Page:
Zero: The Biography of a Dangerous Idea Test | Final Test - Easy

Charles Seife
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This test consists of 15 multiple choice questions and 5 short answer questions.

Multiple Choice Questions

1. Where was Gottfried Wilhelm Leibniz from?
(a) Germany.
(b) France.
(c) Great Britain.
(d) Belgium.

2. When was Lord Kelvin born?
(a) 1898.
(b) 1915.
(c) 1798.
(d) 1824.

3. What term in geometry refers to a straight line that just touches a plane curve at a given point?
(a) A divergent.
(b) A tangent.
(c) A hyperbole.
(d) A gravitational pull.

4. The name “electron” was introduced in 1891 by what Irish physicist?
(a) Sir Isaac Newton.
(b) Galileo Galilei.
(c) George Johnstone Stoney.
(d) Albert Einstein.

5. Who coined the term “fermion” in particle physics?
(a) James Wilson.
(b) Filippo Brunelleschi.
(c) Socrates.
(d) Paul Dirac.

6. What refers to an indeterminate polynomial equation that allows the variables to take integer values only?
(a) Derivative equation.
(b) Tangent equation.
(c) Differential equation.
(d) Diophantine equation.

7. In particle physics, what refers to a proposed symmetry of nature relating two basic classes of elementary particles: bosons and fermions?
(a) A limit.
(b) Supersymmetry.
(c) Verisimilitude.
(d) A black hole.

8. The author suggests in Chapter 8, “Zero Hour at Ground Zero” that zero might spawn universes through a froth of what?
(a) Quantum memory.
(b) Quantum disparity.
(c) Quantum gravity.
(d) Quantum foam.

9. According to the author in Chapter 7, “Absolute Zeros,” thermodynamics have taught us that there are many things we cannot do, such as building what?
(a) A perpetual motion machine.
(b) An adequate polarizing system.
(c) A lunar calendar.
(d) A solar calendar.

10. A primary difficulty in the creation of a “Theory of Everything” is that most attempts to apply quantum mechanics to the gravitational field in the same way as for the electromagnetic field fails due to the breakdown of what?
(a) The gravitational pull.
(b) The Golden Ratio.
(c) Differential equations.
(d) The renormalization procedure.

11. Carl Gauss referred to mathematics as what?
(a) “The queen of sciences.”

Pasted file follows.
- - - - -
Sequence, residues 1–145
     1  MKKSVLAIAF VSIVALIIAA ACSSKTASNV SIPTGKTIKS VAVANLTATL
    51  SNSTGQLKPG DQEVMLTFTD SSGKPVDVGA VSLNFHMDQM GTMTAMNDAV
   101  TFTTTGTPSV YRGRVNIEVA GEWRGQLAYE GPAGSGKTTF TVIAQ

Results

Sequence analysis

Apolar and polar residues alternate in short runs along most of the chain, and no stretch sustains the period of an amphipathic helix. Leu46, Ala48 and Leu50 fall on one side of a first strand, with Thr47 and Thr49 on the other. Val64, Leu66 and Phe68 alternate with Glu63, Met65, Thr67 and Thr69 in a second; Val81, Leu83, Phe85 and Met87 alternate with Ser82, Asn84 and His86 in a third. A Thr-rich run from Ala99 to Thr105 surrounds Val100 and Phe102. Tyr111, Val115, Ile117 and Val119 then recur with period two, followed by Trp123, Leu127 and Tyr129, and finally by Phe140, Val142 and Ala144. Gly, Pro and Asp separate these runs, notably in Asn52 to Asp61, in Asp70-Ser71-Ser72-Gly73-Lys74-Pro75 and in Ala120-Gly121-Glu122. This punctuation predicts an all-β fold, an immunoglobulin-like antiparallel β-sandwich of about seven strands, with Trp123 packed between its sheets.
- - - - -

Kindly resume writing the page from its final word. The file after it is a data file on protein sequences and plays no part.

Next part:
(b) “The end of science.”
(c) “The key to philosophy.”
(d) “Theology’s twin.”

12. The Rayleigh–Jeans law agrees with experimental results at large wavelengths but strongly disagrees at short wavelengths. What is this inconsistency known as?
(a) The Golden Ratio.
(b) A black hole.
(c) The Pythagorean Theorem.
(d) The ultraviolet catastrophe.

13. During what years did Georg Cantor live?
(a) 1689-1759.
(b) 1845-1918.
(c) 1811-1878.
(d) 1777-1836.

14. The author states in Chapter 6, “Infinity’s Twin” that Carl Gauss realized that real and imaginary numbers could be what?
(a) Integrated into fractions.
(b) Divided by one another.
(c) Multiplied by zero.
(d) Graphed together.

15. The antiparticle of the electron is called what?
(a) Positron.
(b) Proton.
(c) Neutron.
(d) Derivative.

Short Answer Questions

1. What refers to the branch of mathematics concerned with finding tangent lines to curves, areas under curves, minima and maxima, and other geometric and analytic problems?

2. Georg Cantor is best known as the inventor of what fundamental theory in mathematics?

3. Where was Lord Kelvin born?

4. In Chapter 8, “Zero Hour at Ground Zero,” the author states that the Hubble telescope saw that most galaxies were flying away from one another by using red-shifting and blue-shifting effects, the cosmological equivalent of what?

5. What principle holds that there is an inverse relation between the fineness with which a particular's location can be determined and the fineness with which its velocity can be determined?

(see the answer keys)

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